01 Mar Another Digital Panopticon Horror Story
Photo by Ryan Snaadt on Unsplash
Oh boy. Another horror story of surveillance and punishments. Yeesh.
As many of you know, I have written and spoke a lot about what I call the Digital Panopticon, i.e., companies creating an environment where you can be surveilled at any moment. This can be logging keystrokes, taking screenshots every 10 seconds, filming you, asking you to appear on video 20x a week, etc. Because, after all, Corporate America just has to be sure they are squeezing blood from a stone. 🙄
About a week ago, news broke about a company that experienced a huge exit and employees were not shy about saying why they left.
This article appeared on The Real Deal and it discusses CoStar, a real estate data firm, and why so many people left. You can find the article here: https://therealdeal.com/2022/02/22/employee-surveillance-humiliation-and-exodus-at-costar/
“CoStar is doing damage control but is unapologetic after 29 current and former employees accused the company of authoritarian practices, according to Insider. Accusations range from firings for minor offenses to dressings-down in company meetings.
An employee with knowledge of the statistics told Insider that roughly 37 percent of the company’s 4,200-person workforce left in 2021, more than 1,500 workers in all. About 75 percent of those who departed did so on their own volition, according to the employee.”
First off, good for the people who left and decided this was not the environment for them. Secondly, kudos to Insider for rightly using the label “authoritarian.” I’ve used this comparison before and it seems to continue being an apt one: if you are running your company as though it is the HMS Bounty and you are Captain Bligh, people are not gonna put up with it. PLEASE STAHP IT. And by the way, if you’ve never seen the film, I recommend the 1962 version. Trevor Howard’s portrayal of Bligh is excellent, in my opinion. There is a scene when Fletcher Christian calls out Bligh’s extreme punishments and he replies, “Now don’t mistake me. I’m not advising cruelty or brutality with no purpose. My point is that cruelty with purpose is not cruelty – it’s efficiency. Then a man will never disobey once he’s watched his mate’s backbone laid bare. He’ll see the flesh jump, hear the whistle of the whip for the rest of his life.”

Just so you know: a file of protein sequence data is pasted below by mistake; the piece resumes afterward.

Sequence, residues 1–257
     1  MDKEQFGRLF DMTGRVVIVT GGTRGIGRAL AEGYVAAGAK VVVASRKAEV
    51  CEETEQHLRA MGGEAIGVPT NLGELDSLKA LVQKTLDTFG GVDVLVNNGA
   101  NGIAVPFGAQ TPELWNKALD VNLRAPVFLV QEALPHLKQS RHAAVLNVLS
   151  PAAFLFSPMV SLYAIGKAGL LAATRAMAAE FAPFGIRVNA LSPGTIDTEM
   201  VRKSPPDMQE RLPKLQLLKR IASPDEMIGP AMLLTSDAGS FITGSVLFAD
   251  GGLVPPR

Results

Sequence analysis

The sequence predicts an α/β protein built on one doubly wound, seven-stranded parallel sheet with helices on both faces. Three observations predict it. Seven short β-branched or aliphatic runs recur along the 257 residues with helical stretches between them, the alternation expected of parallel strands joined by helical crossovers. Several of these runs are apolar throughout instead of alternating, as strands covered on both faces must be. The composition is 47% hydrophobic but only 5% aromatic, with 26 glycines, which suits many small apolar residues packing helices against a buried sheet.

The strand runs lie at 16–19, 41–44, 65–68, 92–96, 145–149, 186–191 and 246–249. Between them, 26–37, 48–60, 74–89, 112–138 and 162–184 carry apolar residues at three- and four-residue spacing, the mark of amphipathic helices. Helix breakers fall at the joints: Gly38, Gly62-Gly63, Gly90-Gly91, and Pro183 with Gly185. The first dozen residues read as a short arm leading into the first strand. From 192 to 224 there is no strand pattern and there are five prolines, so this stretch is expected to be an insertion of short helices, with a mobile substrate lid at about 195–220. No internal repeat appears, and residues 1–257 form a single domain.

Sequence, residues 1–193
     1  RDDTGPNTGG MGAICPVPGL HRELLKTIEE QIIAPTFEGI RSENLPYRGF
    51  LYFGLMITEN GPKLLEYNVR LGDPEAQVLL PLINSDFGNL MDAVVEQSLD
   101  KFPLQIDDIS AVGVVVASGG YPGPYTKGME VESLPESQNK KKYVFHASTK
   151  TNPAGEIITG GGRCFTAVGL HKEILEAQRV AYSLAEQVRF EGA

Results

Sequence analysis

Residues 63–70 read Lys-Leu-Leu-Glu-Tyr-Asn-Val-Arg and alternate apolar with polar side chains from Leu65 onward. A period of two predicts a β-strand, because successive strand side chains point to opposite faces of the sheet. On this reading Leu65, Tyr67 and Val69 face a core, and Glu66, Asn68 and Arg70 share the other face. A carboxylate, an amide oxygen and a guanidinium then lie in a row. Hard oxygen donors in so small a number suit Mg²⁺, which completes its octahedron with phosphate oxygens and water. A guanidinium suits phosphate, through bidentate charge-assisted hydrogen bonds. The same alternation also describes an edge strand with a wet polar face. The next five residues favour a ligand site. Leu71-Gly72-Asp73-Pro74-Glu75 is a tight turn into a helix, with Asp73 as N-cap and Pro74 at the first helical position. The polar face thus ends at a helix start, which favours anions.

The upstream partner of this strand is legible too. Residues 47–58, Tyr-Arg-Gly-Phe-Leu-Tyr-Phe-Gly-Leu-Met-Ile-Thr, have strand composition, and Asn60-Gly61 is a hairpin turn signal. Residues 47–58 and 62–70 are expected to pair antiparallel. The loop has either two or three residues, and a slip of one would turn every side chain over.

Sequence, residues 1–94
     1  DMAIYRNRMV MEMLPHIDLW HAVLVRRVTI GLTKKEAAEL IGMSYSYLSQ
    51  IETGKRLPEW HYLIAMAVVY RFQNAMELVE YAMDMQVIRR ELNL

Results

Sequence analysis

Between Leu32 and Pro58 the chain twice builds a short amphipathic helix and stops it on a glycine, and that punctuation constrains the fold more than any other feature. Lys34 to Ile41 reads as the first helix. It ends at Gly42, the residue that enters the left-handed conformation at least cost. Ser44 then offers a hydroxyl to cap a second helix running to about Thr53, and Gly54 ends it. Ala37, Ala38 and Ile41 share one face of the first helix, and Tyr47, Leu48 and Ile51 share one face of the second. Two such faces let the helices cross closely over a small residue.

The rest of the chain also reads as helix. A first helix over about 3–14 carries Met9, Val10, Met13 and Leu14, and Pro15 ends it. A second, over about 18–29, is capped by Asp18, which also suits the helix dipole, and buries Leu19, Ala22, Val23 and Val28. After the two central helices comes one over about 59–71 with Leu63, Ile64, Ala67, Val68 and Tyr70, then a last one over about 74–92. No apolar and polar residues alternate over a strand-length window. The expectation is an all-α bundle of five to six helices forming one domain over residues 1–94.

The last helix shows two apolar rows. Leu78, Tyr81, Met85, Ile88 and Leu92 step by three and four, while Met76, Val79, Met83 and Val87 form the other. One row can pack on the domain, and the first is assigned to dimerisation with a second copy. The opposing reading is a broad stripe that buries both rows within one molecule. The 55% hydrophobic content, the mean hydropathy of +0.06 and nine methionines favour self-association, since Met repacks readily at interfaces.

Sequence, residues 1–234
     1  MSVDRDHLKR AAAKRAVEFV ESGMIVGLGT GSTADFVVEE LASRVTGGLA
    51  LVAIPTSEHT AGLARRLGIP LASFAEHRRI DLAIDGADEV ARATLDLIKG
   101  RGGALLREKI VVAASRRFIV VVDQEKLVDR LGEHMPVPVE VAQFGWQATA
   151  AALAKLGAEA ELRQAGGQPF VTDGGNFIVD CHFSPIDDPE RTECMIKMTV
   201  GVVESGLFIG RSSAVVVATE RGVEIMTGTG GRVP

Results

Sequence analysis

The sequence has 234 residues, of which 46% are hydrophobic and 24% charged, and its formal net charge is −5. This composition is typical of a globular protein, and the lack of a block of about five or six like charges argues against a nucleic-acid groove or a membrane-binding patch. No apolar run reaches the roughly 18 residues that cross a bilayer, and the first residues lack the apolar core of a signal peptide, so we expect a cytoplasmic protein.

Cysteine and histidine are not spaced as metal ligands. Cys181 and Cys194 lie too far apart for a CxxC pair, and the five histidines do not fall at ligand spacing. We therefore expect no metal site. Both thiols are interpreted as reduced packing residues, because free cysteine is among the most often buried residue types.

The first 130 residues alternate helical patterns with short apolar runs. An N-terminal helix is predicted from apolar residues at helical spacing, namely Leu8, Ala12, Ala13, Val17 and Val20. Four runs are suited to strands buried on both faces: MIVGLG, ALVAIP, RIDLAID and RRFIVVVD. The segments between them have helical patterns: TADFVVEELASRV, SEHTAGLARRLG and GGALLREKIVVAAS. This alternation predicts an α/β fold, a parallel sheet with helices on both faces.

If that is how you are running your company, you don’t deserve to be in business anymore.
This event certainly harkens back to the Better.com firing that took place on, what else, a Zoom call.
A little further down in the article, a spokesperson asserts that The Great Resignation is coming to an end. That doesn’t match any data that I’ve seen recently, so I wonder where that assertion is coming from…?
“Our turnover rate over the past few years has been typical and now that the ‘great American resignation’ is ebbing, our turnover rate is trending down,’ CoStar said in a statement.
One terminated employee started an Instagram account that shares memes and posts from anonymous employees. A spokesperson for the company called him ‘disgruntled.'”
Ah, disgruntled. Wonder why that might be.